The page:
Let’s ask Mike Pence.
An instrumental player in the case, the former vice-president shared his notes with prosecutors.
Again and again, Pence told reporters this week, the president brushed aside reasoned advice from every top legal expert — in the Republican Party, the White House, government agencies and state governments.
Trump found people who provided what he wanted: affirmation that he was, indeed, a winner.
“The president was surrounded by a group of crackpot lawyers,” Pence said.
“[Lawyers] who kept telling him what his itching ears wanted to hear.”
The indictment includes a few potentially damning snippets of quotes where Trump sounds like he actually knows he’s pushing a lie.
But there’s a mountain of evidence to the contrary — an encyclopedic volume of quotes where Trump, in private and in public, single-mindedly insisted he had really won the election.
- This week on Cross Country Checkup, our Ask Me Anything segment focuses on the criminal charges against former U.S. president Donald Trump related to alleged efforts to overturn the 2020 election. What questions do you have? Fill out the details on this form to get your questions in early.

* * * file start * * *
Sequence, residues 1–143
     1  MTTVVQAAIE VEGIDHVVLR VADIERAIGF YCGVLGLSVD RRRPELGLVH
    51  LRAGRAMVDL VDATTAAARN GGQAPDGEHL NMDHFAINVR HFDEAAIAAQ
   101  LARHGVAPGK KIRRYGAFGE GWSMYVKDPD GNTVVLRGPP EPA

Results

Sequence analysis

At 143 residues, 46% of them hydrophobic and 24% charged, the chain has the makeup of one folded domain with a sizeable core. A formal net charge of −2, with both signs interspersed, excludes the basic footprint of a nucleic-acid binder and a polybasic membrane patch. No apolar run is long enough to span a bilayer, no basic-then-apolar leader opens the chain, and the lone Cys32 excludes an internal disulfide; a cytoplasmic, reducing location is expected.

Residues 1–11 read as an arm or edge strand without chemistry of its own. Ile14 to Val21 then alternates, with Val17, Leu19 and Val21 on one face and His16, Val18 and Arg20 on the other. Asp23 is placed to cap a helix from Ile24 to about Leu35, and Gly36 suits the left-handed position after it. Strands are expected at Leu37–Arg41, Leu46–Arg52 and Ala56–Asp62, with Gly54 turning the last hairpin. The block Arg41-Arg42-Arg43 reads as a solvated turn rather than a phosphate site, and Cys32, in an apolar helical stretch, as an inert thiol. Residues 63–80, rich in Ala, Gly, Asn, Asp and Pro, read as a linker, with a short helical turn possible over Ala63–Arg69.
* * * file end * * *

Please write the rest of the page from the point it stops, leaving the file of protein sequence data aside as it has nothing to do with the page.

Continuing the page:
Trump’s lawyer, John Lauro, speaking on Fox News, alluded to this challenge for the prosecution: Good luck proving to the jury — beyond a reasonable doubt — that Trump truly believes he really lost the election.
“It’s a high bar,” Barr acknowledged on CNN.
Barr made one cryptic remark that the prosecution has much more evidence, but would not answer when asked whether he had personally provided any.
The 45-page indictment includes a few references to emails and comments when Trump seems to admit his claims were false.
In one conversation with the military, on Jan. 3, he said he’d leave a particular issue for president-elect Joe Biden to deal with.
Prosecutors say he also kept filing court claims referring to fraudulent vote machines despite having questioned the sanity of the unindicted co-conspirator behind the theory.
Gershman’s take: None of this matters. Whether Trump believed the justness of his cause is, in his view, a red herring.
“That’s all nonsense,” he said, suggesting anybody who commits political crimes is convinced they’re acting for a just cause.
Gershman says, for a conspiracy charge to stick, all it takes is evidence Trump engaged in acts with other people to further an illegal objective.
“It’s the toughest charge to beat,” he said. “I don’t see any defects [in this case]. … It looks to me to be extremely solid.”